[ kaw-stik ]
/ ˈkɔ stɪk /


capable of burning, corroding, or destroying living tissue.
severely critical or sarcastic: a caustic remark.


a caustic substance.

Origin of caustic

1350–1400; Middle English < Latin causticus < Greek kaustikós burning, caustic, equivalent to kaust(ós) burnt (verbal adjective of kaíein to burn) + -ikos -ic

OTHER WORDS FROM caustic Unabridged Based on the Random House Unabridged Dictionary, © Random House, Inc. 2020

Examples from the Web for caustic

British Dictionary definitions for caustic

/ (ˈkɔːstɪk) /


capable of burning or corroding by chemical actioncaustic soda
sarcastic; cuttinga caustic reply
of, relating to, or denoting light that is reflected or refracted by a curved surface


Also called: caustic surface a surface that envelops the light rays reflected or refracted by a curved surface
Also called: caustic curve a curve formed by the intersection of a caustic surface with a plane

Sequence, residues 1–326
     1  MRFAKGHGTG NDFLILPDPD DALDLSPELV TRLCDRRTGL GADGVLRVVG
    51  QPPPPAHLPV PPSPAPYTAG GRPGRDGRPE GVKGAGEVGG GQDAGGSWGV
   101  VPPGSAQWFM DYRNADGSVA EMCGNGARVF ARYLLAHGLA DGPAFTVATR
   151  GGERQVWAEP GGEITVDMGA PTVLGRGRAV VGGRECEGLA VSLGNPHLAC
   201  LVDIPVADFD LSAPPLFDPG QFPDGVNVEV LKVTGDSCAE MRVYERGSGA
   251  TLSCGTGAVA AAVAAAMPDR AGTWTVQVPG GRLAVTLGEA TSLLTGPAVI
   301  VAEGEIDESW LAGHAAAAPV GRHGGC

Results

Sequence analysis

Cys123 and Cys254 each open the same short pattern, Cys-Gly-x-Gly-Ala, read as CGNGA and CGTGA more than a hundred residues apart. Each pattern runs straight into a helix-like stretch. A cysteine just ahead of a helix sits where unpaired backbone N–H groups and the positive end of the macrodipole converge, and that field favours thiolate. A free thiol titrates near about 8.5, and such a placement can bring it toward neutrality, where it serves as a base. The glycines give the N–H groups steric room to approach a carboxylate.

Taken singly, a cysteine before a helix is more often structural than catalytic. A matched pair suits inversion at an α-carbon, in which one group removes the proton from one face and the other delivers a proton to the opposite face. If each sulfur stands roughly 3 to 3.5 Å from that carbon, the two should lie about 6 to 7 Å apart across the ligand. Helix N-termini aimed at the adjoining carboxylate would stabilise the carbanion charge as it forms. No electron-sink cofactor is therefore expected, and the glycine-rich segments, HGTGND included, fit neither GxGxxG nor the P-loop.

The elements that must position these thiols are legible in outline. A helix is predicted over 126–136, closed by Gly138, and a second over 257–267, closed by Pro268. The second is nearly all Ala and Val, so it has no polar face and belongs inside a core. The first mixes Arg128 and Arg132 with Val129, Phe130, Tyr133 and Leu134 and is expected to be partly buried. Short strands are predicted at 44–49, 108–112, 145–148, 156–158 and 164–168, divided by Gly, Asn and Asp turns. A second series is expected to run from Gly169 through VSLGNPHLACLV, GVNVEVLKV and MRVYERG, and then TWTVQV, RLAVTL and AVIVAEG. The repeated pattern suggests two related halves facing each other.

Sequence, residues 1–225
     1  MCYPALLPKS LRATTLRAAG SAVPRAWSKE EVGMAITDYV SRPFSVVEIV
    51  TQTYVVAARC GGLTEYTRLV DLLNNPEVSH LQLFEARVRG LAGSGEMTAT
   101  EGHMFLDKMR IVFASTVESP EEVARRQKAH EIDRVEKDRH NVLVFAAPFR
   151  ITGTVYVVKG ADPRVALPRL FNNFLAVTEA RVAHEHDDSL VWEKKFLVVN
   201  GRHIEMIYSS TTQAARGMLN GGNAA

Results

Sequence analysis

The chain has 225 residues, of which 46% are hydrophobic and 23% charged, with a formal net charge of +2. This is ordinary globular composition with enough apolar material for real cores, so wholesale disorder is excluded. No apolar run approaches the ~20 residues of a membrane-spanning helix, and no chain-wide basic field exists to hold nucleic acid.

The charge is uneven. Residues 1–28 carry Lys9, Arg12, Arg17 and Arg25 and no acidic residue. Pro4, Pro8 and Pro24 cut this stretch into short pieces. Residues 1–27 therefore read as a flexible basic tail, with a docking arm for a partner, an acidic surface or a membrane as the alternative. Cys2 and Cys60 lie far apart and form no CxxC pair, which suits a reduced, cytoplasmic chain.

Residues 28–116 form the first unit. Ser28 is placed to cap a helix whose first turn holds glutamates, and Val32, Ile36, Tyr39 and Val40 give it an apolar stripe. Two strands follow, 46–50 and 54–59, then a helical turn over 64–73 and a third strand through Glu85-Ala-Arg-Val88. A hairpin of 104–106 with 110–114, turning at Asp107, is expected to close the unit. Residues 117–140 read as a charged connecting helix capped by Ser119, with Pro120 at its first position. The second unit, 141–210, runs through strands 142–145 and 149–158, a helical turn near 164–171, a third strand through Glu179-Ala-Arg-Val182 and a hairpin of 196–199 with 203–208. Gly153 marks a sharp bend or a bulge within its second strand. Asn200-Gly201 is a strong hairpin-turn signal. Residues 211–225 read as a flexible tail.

chem a caustic substance, esp an alkali

Derived forms of caustic

caustical, adjectivecaustically, adverbcausticity (kɔːˈstɪsɪtɪ) or causticness, noun

Word Origin for caustic

C14: from Latin causticus, from Greek kaustikos, from kaiein to burn
Collins English Dictionary - Complete & Unabridged 2012 Digital Edition © William Collins Sons & Co. Ltd. 1979, 1986 © HarperCollins Publishers 1998, 2000, 2003, 2005, 2006, 2007, 2009, 2012

Medical definitions for caustic

[ kôstĭk ]


A hydroxide of a light metal.
A caustic material or substance.


Capable of burning, corroding, dissolving, or eating away by chemical action.
Of or relating to light emitted from a point source and reflected or refracted from a curved surface.
Causing a burning or stinging sensation.
The American Heritage® Stedman's Medical Dictionary Copyright © 2002, 2001, 1995 by Houghton Mifflin Company. Published by Houghton Mifflin Company.